Teachers recognize Senate approval of optional poll duties,
reiterate higher pay for teachers sitting as election workers
Public school teachers welcome the Senate approval of Election Service Reform Act (ESRA) on third and final reading the other day. The bill seeks to make election duty non-compulsory for state teachers.
“Under the existing laws, teachers are compelled to work as election inspectors and a mere refusal may constitute an election offense.” Said Benjo Basas, the group’s chairperson. “Thus, we are thankful that this bill, which we are pushing since we were established in 2006 has reached this far and I believe it will soon be enacted into law because the House gave its similar affirmation last year.” He added.
Basas said teachers are thankful for the support of the legislators particularly Representative Fred Castro of Capiz and Senator Koko Pimentel, the respective chairpersons of House and Senate suffrage committees.
“We acknowledge this measure because at the moment, we cannot refuse the assignment to sit as election workers, even if this task may expose us to harm, even death. We cannot negotiate with the Comelec on the amount they want us to be paid. We can never demand for a lawyer to defend us when we are in trouble.” Basas said.
This proposal if enacted into law, however would not be implemented for national elections of May 2016, thus, they reiterate the request for a higher compensation package for teachers sitting as members of the board of election inspectors (BEI).
“We believe the P3, 000 total per diem for members of the BEI is not enough to compensate our teachers, this is one of the reasons why we want to make this duty optional.” Basas explained.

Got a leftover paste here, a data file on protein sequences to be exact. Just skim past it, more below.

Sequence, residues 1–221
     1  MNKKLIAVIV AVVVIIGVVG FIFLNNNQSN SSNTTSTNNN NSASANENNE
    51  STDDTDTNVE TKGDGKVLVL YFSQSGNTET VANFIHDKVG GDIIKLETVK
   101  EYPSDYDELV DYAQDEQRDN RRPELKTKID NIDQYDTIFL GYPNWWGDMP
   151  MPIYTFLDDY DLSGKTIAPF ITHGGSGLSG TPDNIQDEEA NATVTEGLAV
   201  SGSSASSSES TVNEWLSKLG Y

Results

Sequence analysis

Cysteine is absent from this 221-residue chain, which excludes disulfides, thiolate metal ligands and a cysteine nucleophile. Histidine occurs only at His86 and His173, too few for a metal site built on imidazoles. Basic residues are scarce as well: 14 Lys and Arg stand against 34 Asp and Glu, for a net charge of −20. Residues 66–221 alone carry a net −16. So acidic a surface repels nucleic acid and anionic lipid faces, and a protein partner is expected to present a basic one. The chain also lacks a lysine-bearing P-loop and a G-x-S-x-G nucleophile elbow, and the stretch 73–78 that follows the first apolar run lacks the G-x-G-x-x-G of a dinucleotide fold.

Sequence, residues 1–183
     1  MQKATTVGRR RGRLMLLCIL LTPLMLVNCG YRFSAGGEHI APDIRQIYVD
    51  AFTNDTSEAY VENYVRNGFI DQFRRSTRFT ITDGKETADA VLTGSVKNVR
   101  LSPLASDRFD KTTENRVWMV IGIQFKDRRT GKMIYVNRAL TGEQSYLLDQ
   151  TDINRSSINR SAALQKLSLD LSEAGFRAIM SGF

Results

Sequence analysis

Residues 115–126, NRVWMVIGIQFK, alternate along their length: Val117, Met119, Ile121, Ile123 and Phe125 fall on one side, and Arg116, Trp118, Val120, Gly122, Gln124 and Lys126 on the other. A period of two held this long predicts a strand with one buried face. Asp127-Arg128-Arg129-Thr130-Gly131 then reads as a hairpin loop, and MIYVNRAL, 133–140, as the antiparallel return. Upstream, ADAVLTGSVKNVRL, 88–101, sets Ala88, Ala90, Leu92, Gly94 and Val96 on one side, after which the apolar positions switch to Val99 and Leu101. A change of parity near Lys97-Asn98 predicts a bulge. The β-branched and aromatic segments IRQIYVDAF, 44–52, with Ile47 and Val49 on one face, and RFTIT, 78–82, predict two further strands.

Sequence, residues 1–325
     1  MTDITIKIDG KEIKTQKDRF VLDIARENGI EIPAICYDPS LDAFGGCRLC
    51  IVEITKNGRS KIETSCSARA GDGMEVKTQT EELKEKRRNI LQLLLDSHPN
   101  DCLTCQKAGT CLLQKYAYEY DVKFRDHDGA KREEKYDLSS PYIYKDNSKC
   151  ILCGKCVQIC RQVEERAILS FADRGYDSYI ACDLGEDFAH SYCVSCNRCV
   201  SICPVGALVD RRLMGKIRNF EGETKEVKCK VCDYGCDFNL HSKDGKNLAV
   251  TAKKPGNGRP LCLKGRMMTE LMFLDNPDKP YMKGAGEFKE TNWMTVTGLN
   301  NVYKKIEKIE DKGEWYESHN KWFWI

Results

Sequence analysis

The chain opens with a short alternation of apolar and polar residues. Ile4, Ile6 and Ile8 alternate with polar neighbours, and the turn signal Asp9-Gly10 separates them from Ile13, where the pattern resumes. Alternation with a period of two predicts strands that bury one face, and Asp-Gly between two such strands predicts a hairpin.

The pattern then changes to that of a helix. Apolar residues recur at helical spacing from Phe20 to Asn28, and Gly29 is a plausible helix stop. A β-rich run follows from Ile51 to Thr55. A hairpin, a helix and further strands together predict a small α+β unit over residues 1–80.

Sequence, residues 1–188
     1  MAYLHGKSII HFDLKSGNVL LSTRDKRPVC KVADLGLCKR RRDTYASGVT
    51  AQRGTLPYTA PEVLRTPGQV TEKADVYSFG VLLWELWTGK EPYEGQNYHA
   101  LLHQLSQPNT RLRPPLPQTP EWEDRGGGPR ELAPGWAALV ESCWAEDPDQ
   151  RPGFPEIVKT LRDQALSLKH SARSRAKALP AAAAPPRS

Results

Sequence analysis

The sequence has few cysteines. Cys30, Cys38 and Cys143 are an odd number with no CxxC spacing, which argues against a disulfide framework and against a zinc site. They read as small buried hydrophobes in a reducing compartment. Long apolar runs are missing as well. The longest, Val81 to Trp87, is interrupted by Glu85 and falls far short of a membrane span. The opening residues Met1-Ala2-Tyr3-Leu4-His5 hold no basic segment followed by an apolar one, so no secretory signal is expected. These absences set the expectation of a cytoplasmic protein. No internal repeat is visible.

The group last year said that per diem for 2016 elections should raise to P10, 000 for every BEI member, but the Comelec Resolution 10031 relating to composition, appointment and compensation of the BEI retained the P3, 000 honoraria, ESRA provides for a total of P6, 000 for BEI chairman and P5, 000 for two other members.
“In the absence of law, the Comelec en banc may decide on our request for higher compensation.” Basas ended. #
For details: Benjo Basas, 0927-3356375
January 27, 2016
All submissions are republished and redistributed in the same way that it was originally published online and sent to us. We may edit submission in a way that does not alter or change the original material.
Human Rights Online Philippines does not hold copyright over these materials. Author/s and original source/s of information are retained including the URL contained within the tagline and byline of the articles, news information, photos etc.